Building superintendent/caretaker, 7200 sq. ft. historic house museum with dependencies in New England
  • HC7151
    HC7151 Member Posts: 1

    You are looking at 384 sq. ft. even at 75 btu's a sq. ft. you are under 30,000 btu's.

    I would get a get no bigger than a 45,000 btu unit heater. Quick heat , but not over kill.  Insulate your walls with r-11 if 2x4.  some r-19 on top of the drywall between the rafters if it isn't their already and you are good to go.  You probably don't need it 70 degrees in there at -20. But that garage will heat up in a half hour in February.  Check out your fleet supply store for one of these units.  Don't buy used goods.  Get a 1/2" gas line brought in & enjoy!
  • mattmia2
    mattmia2 Member Posts: 3,991

    So where do you get 75 btu/hr/ft^2 from, especially when we are dealing with a 3 dimensional space?


  • mattmia2
    mattmia2 Member Posts: 3,991
    gas vs electric vs lpg vs oil and other stuff

    I buried polyethylene (and tracer) to the garage last summer when i was

    installing a gas grill.  I just need to run another line from the meter

    to get gas out to the garage.   If I use electricity i'm looking at

    ~100a at 240v so natural gas is more feasible.  I'm mot really using it

    enough that the cost of the fuel is a major factor other than I don't

    want to have to go out and get it, i want it plumbed in.  I have very

    limited space so reddy heater type heaters don't really have a safe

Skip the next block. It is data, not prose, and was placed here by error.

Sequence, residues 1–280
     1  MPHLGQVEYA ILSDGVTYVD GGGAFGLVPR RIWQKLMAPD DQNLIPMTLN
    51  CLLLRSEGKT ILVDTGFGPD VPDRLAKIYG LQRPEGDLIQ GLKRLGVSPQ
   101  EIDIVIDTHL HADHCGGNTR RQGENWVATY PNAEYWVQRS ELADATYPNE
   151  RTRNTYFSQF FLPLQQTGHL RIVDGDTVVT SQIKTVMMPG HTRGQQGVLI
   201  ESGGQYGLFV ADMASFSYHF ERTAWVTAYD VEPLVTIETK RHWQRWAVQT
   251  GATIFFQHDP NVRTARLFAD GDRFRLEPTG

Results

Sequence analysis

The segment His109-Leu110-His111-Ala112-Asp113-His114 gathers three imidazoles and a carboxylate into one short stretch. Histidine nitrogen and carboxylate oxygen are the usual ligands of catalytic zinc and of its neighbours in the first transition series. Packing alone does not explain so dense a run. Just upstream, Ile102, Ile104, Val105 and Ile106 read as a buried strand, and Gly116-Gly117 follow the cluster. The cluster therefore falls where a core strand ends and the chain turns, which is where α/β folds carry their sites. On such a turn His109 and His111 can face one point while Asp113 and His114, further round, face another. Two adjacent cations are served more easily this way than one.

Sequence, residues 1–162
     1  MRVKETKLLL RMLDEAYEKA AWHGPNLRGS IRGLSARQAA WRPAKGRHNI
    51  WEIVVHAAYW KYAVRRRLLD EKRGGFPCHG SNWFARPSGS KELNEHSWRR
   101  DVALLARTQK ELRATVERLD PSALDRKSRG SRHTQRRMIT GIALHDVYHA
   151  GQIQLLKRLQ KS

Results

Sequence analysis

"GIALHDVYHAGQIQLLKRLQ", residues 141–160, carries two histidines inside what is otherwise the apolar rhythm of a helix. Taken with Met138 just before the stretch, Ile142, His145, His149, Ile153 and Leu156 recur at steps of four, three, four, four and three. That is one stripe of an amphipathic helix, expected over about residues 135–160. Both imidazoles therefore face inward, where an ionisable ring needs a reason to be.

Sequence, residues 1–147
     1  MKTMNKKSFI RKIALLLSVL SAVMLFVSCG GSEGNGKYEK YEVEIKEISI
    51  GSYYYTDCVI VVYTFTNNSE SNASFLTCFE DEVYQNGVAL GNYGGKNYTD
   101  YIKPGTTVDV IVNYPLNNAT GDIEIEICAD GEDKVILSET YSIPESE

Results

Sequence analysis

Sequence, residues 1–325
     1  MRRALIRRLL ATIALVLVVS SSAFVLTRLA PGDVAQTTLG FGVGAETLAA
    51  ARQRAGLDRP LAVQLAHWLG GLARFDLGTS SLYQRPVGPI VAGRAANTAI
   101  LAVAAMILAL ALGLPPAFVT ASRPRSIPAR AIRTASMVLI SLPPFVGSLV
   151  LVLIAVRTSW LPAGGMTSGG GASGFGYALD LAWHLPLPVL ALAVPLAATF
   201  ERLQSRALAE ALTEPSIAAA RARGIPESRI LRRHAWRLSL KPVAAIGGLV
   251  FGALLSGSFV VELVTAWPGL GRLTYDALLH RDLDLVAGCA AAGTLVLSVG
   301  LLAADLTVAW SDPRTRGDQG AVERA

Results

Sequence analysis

place to be, not to mention the lack of venting.  I have more room

    hanging a unit heater from the collar ties. 

    With 12000 btu/hr

    of space heaters i got a rise from about 30 outdoor to 40 indoor

    fahrenheit so estimating with that method I would need about 85,000

    btu/hr.  It doesn't seem that it should be linear but some research

    shows that it more or less is.


  • icesailor
    icesailor Member Posts: 7,265
    3 dimensional spaces:

    I never used any Sq. Ft. method. I always used the IBR Methods. For spaces like a garage that had no mid walls, I always divided the space into some short bus number (divide in half) and calculated the two. Then added the two together. For example, the tables only cover three outside walls, not four. For exposure purposes. Now, all walls only have three walls.

    Do what you think. But if you insulate and sheetrock the walls and ceilings, you will have a really nice workspace. You can probably use a through the wall gas heater like  Rannai that comes on when you want it to, and take up little space. They really heat well. They're quiet, and vent through the wall.